Make sure you include the quotes, because your $WORKSPACE path that Jenkins assigns you may potentially contain whitespaces that would break that command. From there you should be able to trigger a new build manually and have it compile your project for you. Give it a try and make sure it works.
Next you’ll want to do something with the resulting build artifacts. What I like to do is create a single directory under which all my compiled resources will be collected and archived by Jenkins, but since the above build script created a single convenient ZIP file we can just archive that. Check the “Archive the artifacts” box, and type “AFNetworking.zip” into the field.
At this point we’re finally able to integrate our build into Github, but it’s a lot simpler than you might think. Jenkins has an amazing REST API that lets you interact with it programmatically. If you want to kick off a new build, all you need to do is perform an HTTP GET against the “build” URL for your job. If your Jenkins server is located at http://jenkins.mycompany.com/ and your job is named “MyLibrary”, you only need to issue a GET to http://jenkins.mycompany.com/job/MyLibrary/build.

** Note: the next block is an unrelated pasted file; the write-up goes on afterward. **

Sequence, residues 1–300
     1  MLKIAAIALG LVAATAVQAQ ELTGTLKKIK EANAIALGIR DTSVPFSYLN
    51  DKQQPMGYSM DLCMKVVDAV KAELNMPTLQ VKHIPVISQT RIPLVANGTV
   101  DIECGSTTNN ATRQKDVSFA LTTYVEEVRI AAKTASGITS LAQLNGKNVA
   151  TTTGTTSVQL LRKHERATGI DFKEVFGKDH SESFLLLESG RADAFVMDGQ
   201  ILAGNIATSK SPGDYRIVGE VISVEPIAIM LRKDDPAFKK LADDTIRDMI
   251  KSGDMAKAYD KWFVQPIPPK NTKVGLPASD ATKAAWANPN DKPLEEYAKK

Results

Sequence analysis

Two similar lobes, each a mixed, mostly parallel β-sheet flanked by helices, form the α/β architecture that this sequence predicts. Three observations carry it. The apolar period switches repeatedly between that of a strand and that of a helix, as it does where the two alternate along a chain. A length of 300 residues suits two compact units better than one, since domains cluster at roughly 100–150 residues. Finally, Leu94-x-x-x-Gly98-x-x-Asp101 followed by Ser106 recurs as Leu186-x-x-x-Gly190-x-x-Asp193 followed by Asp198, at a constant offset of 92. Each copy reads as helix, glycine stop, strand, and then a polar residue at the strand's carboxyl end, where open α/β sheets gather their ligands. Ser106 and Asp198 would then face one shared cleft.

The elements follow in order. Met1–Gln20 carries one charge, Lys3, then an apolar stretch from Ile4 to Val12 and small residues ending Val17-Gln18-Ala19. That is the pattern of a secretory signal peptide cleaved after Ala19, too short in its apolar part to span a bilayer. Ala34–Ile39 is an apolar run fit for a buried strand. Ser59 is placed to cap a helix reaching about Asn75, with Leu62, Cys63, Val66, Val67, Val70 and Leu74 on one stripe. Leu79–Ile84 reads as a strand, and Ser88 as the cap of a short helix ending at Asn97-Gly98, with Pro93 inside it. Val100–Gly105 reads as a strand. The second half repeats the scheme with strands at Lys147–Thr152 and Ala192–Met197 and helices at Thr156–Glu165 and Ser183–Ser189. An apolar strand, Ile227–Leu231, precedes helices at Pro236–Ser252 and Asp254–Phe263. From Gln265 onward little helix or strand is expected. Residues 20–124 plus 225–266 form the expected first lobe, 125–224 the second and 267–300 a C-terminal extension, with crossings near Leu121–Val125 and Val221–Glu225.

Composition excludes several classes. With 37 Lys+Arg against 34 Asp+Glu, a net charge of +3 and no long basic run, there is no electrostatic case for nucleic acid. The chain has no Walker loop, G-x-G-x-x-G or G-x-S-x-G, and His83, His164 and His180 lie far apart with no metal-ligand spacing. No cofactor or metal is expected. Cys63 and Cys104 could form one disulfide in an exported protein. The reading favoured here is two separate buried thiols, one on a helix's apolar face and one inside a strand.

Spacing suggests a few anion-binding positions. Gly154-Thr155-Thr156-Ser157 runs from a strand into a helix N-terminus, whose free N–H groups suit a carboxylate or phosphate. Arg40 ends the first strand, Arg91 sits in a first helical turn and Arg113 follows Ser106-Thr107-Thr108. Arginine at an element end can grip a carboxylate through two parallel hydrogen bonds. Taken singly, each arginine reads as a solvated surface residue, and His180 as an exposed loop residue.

With that in mind, go to your “Admin” settings on Github for your project, and click on the “Service Hooks” menu. Github provides a long list of services it can interact with, but the simplest and most straightforward is the “Post-Receive URLs” section. This lets you supply a list of URLs that Github should issue a request to after it has received a new checkin.
As you can see from the screenshot to the right, it’s fairly simple and is easy to test. Next time you perform a “git push” back up to Github, your Jenkins server should automatically trigger a new build.